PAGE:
The former mill building had been renovated by the Western Isles Council at a cost of £1m. It was part of a £1.9m investment in Gaelic broadcasting which, it was hoped, would bring jobs to the islands. This was assisted by a £350,000 financial package from the Highlands and Islands Enterprise network through Iomairt nan Eilean Siar, Western Isles Enterprise.[6]

In June 1992, Grampian appointed its first Head of Gaelic in order to maximise its share of the new £9.5m Gaelic fund. The role went to ex-BBC producer Allan MacDonald, a fluent Gaelic speaker who ran the independent company Media Nan Eilean on Benbecula.[7]

1993 news bulletin expansion

Grampian expanded its news coverage from January 1993, screening 11 bulletins each weekday and four at weekends. Three new reporters were employed.[8]



Grampian TV reporters in the 1960s included Renton Laidlaw, Ron Thompson, Donny B Macleod and Donald MacCormick.

Current Affairs





The Very Rev George T. H. Reid was appointed Grampian's first religious adviser.


In June 1994, Bob Kenyon was promoted from senior producer/director to head of Gaelic. He had been with Grampian for 20 years and, as assistant head of news and current affairs, he played a leading role in developing the daily news programme, Telefios.[9]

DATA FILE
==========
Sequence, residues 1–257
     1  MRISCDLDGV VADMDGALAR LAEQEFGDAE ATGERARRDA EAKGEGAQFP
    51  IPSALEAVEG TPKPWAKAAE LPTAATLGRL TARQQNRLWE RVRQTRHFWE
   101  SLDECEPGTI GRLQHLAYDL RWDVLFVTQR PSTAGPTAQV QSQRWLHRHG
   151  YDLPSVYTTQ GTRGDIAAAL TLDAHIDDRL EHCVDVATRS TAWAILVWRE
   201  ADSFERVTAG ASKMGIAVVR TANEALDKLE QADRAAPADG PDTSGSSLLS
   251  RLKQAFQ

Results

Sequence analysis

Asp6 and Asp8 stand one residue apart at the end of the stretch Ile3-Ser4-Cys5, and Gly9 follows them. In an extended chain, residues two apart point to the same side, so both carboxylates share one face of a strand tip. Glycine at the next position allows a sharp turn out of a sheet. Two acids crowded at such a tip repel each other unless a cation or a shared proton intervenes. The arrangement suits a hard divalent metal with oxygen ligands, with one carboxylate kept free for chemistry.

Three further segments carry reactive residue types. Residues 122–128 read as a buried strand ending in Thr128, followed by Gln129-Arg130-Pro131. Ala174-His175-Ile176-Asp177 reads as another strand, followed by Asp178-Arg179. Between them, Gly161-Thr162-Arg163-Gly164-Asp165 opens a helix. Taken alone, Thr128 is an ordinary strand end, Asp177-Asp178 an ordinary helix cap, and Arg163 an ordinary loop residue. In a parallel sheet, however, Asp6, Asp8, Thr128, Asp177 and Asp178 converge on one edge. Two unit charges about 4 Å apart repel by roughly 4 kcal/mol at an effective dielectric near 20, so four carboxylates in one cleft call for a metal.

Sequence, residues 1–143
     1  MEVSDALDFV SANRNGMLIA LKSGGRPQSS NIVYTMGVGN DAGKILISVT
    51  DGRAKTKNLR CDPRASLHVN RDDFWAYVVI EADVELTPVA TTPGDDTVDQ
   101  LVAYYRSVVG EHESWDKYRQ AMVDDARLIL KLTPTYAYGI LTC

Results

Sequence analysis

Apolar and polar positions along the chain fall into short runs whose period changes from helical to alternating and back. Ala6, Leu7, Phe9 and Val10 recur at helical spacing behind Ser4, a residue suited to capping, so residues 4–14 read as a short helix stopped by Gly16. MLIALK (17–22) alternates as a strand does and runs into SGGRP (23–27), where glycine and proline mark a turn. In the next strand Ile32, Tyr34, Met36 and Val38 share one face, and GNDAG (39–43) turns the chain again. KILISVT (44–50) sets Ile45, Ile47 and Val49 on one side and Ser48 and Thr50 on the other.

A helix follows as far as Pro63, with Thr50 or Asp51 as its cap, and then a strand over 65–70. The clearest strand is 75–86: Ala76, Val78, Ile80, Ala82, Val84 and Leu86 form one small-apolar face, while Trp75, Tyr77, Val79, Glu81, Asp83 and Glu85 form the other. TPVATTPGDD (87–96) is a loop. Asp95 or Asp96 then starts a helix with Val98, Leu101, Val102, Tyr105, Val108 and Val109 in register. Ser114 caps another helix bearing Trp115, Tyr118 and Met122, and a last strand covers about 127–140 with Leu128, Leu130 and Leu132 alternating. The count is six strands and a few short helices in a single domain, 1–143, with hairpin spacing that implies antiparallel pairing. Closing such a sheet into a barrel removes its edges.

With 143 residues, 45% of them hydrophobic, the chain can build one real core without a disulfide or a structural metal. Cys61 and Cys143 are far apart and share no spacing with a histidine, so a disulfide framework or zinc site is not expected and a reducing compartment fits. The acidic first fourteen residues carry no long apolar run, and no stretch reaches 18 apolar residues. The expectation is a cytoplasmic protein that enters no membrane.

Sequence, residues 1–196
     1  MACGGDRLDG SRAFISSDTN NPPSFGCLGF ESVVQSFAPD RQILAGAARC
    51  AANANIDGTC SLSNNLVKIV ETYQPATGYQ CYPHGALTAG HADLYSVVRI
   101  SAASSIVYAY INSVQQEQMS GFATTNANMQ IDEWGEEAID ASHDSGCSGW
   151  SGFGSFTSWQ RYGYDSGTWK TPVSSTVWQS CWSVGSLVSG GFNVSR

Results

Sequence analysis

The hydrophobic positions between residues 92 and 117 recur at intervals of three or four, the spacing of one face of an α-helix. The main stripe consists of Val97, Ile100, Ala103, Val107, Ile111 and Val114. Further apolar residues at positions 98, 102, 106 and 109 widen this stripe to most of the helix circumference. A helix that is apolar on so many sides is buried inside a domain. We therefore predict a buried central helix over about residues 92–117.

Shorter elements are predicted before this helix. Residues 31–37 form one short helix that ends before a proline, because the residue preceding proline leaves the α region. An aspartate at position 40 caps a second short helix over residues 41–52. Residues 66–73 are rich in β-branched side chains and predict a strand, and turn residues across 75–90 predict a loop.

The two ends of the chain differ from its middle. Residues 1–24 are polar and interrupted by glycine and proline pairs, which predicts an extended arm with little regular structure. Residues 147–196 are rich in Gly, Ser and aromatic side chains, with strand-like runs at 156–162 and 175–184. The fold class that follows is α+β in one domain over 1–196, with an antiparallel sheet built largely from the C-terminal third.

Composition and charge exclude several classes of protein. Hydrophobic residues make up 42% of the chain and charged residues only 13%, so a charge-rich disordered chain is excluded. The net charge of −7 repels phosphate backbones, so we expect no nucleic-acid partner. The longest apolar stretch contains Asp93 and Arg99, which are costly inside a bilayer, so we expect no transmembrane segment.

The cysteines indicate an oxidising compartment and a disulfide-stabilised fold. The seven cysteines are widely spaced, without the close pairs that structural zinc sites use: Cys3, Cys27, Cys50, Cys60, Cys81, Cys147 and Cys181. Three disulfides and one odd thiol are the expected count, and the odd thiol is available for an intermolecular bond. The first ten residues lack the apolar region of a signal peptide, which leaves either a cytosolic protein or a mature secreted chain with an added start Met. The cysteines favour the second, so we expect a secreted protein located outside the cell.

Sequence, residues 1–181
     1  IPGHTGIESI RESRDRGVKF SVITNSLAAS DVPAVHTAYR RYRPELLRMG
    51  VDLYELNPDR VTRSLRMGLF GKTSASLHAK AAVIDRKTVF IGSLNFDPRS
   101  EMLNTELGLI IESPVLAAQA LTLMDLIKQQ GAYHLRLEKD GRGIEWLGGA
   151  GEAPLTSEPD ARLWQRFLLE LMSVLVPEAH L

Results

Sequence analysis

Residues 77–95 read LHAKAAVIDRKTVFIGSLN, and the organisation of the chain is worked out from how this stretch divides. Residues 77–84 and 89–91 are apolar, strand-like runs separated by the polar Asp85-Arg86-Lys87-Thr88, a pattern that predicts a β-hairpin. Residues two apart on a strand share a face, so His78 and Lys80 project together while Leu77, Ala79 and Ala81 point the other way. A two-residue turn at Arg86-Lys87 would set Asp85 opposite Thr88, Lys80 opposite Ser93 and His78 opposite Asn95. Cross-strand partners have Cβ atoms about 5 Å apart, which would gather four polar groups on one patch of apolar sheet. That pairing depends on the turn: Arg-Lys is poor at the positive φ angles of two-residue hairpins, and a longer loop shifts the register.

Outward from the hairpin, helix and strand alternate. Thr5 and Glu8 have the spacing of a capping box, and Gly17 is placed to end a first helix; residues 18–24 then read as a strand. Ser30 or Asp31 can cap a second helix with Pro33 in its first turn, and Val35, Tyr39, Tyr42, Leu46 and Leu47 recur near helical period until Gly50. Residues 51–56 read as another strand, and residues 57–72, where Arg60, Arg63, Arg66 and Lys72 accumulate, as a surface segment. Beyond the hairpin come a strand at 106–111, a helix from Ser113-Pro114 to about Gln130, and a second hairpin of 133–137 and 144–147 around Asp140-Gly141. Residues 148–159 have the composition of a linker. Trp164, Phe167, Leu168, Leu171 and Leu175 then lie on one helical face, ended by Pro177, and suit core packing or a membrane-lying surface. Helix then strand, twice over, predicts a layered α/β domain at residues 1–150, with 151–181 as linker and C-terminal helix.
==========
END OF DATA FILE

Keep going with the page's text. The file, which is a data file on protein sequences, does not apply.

Other business interests

Blenheim Travel

Feeling it was not getting a sufficiently good service from travel agencies in Aberdeen, in the early 1980s Grampian established its own as a wholly-owned subsidiary. Blenheim Travel was initially dedicated to providing business travel services, but in 1985 it decided to open a retail unit in Aberdeen's St Nicholas Centre. At this time, the company did not make any great profits, merely described as having "more or less washed its face".[10]

By 1987, the company had opened 10 offices in Scotland and one at the Metrocentre in Gateshead, these offices being located in outlets of John Menzies stores. However, when the Government published proposals in 1988 forcing independent television companies to re-bid for their franchises, Grampian's management decided it was best to concentrate its investments on its core television business and the subsidiary was sold off.[11]